PHIL 421W may be applied towards the Writing Requirement (and the upper division Writing Requirement for Philosophy Majors). This course may be repeated for credit if the topic is different.

In addition to learning about the nature of moral responsibility and some of the contemporary debates regarding the epistemic condition on responsibility, the primary objective of this seminar is for students to learn how to research and compose a substantial piece of philosophical writing that draws on multiple sources in order to answer a significant question arising from a body of literature. 


  • Short reflections: over the first half of the semester students are required to submit precis of one of the required readings each week at the start of class. 20%
  • Participation in group-workshops: starting in the second half of the semester, students will be divided into workshop groups based on area of interest. Students will take turns presenting material to the workshop. 10%
  • Peer review of drafts: students will provide written feedback on the drafts written by peers in their working group. The grade is based on the quality of the feedback. 10%
  • Final Project: Students will complete a final paper project (roughly 3500-5000 words) over three stages: outline/literature review, initial draft, and final draft. While all three components are required, only the final draft is graded. 60%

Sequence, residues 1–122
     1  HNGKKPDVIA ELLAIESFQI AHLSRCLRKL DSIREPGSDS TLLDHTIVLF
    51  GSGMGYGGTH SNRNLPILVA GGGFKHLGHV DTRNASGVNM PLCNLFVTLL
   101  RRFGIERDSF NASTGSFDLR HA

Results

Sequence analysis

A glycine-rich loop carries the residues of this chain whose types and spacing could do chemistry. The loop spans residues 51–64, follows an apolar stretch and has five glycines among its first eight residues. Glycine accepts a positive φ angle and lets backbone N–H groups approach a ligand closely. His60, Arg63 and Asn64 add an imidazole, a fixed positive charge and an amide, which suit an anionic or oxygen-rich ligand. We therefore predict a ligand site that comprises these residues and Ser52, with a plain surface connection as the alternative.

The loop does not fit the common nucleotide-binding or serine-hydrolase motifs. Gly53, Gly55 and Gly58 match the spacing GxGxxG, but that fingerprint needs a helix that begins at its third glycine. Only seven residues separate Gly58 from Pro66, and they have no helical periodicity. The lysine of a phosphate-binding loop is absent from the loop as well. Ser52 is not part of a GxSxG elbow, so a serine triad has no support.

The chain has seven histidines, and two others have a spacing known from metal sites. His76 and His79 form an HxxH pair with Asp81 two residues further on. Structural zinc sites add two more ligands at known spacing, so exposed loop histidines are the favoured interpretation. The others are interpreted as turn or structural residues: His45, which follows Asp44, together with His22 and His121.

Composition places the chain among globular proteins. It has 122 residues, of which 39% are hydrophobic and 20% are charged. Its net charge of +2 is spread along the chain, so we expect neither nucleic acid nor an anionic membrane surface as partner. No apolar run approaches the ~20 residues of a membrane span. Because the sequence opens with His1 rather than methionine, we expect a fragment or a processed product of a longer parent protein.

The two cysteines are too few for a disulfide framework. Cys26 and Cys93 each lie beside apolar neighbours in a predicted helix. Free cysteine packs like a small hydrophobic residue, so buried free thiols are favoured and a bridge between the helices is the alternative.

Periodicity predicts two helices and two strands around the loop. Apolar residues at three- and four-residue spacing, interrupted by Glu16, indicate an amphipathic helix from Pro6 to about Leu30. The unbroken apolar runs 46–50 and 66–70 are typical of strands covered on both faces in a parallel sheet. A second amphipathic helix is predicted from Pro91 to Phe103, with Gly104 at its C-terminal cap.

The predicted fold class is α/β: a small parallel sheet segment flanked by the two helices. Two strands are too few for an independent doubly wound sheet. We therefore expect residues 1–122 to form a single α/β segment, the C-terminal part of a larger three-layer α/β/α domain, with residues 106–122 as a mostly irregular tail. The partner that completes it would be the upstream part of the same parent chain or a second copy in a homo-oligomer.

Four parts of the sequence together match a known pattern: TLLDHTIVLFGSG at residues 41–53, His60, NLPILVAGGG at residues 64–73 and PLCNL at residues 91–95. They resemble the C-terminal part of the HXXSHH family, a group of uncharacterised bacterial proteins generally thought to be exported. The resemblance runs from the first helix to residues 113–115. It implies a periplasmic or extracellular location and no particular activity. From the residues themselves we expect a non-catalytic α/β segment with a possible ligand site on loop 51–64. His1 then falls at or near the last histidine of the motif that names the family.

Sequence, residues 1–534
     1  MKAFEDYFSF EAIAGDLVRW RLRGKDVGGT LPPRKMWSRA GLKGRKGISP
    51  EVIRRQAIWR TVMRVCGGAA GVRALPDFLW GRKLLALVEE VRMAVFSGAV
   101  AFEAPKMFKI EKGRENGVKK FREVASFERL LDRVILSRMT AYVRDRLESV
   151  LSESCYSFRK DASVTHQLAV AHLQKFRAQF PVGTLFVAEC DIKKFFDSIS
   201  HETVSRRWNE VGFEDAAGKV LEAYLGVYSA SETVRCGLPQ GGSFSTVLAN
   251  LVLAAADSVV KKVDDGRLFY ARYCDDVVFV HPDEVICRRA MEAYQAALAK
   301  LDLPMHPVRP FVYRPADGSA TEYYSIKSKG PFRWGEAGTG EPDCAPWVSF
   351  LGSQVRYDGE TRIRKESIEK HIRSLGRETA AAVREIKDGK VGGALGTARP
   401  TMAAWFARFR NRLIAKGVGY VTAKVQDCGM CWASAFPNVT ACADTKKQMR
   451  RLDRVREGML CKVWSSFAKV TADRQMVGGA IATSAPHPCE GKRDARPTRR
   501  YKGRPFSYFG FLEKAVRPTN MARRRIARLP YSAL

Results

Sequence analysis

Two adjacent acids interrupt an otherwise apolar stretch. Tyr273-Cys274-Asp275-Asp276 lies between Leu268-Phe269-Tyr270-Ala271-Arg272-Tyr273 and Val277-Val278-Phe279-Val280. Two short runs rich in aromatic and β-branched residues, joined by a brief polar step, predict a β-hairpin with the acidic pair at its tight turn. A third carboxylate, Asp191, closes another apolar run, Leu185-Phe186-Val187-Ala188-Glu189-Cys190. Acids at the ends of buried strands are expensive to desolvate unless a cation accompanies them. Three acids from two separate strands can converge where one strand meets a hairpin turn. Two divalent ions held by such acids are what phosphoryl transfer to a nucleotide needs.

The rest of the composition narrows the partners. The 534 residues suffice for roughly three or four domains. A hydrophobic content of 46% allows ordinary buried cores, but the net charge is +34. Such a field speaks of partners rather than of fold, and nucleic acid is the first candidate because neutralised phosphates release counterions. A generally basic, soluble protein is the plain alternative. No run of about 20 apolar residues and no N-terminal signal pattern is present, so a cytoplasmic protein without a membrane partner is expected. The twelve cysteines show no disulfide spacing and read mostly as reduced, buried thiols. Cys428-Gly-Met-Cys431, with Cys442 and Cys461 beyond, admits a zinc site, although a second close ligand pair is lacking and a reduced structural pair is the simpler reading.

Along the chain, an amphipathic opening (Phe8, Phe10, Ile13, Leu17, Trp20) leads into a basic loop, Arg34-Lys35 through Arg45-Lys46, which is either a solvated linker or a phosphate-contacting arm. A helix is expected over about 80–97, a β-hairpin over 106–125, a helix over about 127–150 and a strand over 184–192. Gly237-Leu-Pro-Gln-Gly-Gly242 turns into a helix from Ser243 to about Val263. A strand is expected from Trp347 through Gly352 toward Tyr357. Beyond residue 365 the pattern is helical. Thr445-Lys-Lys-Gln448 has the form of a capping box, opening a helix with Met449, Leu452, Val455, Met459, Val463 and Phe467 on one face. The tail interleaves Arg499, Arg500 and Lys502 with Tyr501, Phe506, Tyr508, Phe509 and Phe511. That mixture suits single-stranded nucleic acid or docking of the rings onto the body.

This course will be conducted remotely and synchronously.  Classes will NOT be recorded.  Presence and participation during synchronous sessions is expected.



Students must have access to reliable internet and a computer/other device that permits streaming video, word processing and teleconferencing with Zoom.


Robichaud and J. Wieland, Responsibility: The Epistemic Condition (Oxford University Press, 2017). Note: this text is available online through the SFU library.

Department Undergraduate Notes:

Thinking of a Philosophy Major or Minor? The Concentration in Law and Philosophy? The Certificate in Ethics? The Philosophy and Methodology of Science Certificate?
Contact the PHIL Advisor at   More details on our website: SFU Philosophy

New elective grade policy : P/CR/NC, pilot project for Spring/Summer/Fall 2021. List of exclusions for the new policy. Specifically for Philosophy: 

  • Students can use a P or CR to satisfy any requirement for a major, joint major, or minor in Philosophy (with the exception of Honours tutorials).